Diagnosis and natural history of HIV-associated nephropathy.

Atta MG.

Adv Chronic Kidney Dis. 2010 Jan;17(1):52-8. doi: 10.1053/j.ackd.2009.08.005.

HIV-associated nephropathy (HIVAN) is a largely distinctive phenotype induced by HIV-1 infection and is the most recognized and detrimental kidney disease in HIV-infected patients. Host and viral characteristics have been implicated in the pathogenesis of HIVAN that may explain its exclusive predilection to patients of African descent. In untreated patients, the disorder is clinically manifested by an acute decline in kidney function, most often in conjunction with high-grade proteinuria and uncontrolled HIV-1 infection. Histologically, proliferating glomerular epithelial cells are the prominent feature of the disease. Data have evolved over the past decade suggesting that highly active antiretroviral therapy (HAART) can change the natural history of HIVAN, not only by preventing its development but also by halting its progression once developed. Consequently, with the widespread use of HAART, the prevalence of HIVAN is declining in Western countries. In contrast, the epidemiology of the disease is not well defined in the poorest areas in the world, which bear a disproportionate share of the HIV-1 epidemic's burden. Corticosteroids and inhibition of the renin-angiotensin axis are recommended as adjunctive agents in treating patients with established HIVAN and are potentially helpful in delaying the need for renal replacement therapy. However, the long-term value and potential risks of using corticosteroids in this population are unclear.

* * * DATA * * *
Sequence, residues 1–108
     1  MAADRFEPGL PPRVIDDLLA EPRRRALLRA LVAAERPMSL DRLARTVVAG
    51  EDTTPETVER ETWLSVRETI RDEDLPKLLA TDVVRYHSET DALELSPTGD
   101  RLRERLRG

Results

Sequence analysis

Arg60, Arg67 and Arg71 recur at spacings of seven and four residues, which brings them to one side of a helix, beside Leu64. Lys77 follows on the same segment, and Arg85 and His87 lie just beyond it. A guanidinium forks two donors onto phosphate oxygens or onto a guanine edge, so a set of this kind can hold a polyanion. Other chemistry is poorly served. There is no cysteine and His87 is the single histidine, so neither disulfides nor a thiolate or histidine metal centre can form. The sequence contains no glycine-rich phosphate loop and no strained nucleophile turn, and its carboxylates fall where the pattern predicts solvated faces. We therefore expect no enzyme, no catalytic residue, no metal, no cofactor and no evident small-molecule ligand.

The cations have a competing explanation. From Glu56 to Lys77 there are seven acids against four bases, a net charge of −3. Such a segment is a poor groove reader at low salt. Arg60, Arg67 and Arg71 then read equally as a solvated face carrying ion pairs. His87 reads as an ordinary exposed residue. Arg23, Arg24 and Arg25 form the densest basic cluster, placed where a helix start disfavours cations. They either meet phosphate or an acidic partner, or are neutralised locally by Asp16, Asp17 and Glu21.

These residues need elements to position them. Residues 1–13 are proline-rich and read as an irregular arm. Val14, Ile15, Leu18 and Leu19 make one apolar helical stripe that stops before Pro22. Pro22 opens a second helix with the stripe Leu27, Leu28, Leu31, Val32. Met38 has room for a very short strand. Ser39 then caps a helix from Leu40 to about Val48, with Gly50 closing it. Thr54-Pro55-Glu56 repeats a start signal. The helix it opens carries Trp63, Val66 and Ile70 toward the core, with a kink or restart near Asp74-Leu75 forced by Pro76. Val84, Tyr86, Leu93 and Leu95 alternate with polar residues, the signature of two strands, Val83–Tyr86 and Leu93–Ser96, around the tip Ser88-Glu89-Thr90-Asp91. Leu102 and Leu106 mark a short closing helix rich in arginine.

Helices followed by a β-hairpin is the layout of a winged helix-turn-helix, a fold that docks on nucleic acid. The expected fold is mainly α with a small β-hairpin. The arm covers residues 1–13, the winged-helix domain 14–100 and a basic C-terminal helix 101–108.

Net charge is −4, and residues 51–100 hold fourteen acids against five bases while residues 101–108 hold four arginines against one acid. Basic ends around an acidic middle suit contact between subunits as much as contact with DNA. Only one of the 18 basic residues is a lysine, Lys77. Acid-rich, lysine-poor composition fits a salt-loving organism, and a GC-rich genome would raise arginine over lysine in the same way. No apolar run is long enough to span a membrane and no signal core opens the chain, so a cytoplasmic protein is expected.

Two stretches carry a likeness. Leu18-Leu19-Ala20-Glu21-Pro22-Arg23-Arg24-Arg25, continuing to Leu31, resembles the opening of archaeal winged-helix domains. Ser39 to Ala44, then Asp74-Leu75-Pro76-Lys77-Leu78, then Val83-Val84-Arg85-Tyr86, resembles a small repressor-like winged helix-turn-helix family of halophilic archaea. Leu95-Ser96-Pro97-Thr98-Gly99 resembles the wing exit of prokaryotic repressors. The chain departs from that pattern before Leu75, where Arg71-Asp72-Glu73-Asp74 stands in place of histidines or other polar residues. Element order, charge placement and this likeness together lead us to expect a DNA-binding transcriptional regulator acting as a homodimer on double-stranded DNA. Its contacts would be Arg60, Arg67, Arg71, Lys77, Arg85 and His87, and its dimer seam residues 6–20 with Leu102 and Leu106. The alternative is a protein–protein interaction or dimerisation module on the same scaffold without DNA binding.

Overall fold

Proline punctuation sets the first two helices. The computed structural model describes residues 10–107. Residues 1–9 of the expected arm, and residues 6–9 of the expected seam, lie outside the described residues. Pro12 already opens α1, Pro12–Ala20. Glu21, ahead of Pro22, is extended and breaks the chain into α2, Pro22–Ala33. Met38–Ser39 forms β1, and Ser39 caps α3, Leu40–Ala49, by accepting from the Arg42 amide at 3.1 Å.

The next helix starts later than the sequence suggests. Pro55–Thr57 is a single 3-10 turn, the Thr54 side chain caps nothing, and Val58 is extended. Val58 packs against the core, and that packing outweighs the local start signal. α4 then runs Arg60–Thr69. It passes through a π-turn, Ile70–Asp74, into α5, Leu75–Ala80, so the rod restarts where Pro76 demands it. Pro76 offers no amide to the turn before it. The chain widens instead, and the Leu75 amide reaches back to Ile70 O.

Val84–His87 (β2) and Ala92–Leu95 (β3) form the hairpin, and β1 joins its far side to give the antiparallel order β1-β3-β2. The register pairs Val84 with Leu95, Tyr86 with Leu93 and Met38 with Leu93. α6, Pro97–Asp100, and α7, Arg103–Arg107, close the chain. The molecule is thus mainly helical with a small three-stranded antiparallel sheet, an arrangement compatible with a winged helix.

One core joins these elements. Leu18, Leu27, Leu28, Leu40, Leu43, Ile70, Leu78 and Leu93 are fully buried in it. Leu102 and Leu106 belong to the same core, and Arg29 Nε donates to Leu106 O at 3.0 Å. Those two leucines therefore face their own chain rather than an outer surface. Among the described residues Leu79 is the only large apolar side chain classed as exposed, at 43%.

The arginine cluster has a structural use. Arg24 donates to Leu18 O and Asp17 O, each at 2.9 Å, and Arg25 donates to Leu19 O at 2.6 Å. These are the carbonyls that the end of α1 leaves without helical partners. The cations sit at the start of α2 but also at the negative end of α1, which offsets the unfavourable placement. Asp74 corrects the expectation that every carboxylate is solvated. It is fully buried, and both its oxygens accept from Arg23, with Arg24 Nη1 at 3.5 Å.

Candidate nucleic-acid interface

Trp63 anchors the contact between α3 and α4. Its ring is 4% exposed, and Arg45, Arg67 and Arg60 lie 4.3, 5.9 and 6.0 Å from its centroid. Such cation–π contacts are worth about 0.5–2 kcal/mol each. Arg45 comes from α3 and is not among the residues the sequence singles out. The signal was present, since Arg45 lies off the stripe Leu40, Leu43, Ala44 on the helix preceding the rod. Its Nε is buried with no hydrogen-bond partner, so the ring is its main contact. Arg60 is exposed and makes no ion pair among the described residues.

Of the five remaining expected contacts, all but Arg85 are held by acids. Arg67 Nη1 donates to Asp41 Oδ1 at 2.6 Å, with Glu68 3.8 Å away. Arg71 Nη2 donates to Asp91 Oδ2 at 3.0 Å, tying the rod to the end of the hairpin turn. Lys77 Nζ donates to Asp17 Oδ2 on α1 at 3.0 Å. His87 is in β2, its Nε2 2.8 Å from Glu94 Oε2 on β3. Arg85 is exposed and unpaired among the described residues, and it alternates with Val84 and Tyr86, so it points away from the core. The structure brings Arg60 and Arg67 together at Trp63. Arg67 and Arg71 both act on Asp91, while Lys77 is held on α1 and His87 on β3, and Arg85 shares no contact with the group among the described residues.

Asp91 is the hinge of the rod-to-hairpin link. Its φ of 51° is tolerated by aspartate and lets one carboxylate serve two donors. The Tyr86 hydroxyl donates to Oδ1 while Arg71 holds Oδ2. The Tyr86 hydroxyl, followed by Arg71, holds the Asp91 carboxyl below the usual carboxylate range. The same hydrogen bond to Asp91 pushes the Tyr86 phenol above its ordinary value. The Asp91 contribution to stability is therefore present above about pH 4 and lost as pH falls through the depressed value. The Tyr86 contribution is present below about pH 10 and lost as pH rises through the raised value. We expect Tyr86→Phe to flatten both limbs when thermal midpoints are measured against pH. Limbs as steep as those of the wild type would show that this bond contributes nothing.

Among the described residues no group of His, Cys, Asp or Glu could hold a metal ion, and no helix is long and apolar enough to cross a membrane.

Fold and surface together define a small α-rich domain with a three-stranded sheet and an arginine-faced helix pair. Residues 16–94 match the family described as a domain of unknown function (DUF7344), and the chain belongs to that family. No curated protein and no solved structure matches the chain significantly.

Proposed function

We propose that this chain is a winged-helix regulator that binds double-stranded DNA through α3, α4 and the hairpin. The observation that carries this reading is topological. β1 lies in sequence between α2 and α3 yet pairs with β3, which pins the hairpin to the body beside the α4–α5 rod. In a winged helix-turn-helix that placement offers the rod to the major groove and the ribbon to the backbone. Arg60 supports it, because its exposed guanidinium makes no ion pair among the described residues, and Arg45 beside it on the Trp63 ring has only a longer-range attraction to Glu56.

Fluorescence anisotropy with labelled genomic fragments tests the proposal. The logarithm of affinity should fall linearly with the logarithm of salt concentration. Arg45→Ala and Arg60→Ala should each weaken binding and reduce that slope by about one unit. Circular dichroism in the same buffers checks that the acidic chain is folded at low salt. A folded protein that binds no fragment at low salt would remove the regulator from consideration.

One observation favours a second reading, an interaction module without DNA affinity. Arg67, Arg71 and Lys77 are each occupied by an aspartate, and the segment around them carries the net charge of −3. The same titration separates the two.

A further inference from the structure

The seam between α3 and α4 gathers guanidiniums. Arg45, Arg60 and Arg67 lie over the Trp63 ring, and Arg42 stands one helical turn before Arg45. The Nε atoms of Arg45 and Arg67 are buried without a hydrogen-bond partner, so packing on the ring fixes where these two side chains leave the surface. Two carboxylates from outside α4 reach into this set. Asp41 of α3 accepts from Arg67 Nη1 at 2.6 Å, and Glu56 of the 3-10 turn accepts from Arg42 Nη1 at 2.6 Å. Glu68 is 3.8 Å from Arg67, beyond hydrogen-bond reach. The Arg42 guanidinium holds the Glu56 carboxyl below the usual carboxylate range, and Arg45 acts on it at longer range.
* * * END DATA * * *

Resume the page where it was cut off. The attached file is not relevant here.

PMID: 20005489

From MEDLINE®/PubMed®, a database of the U.S. National Library of Medicine.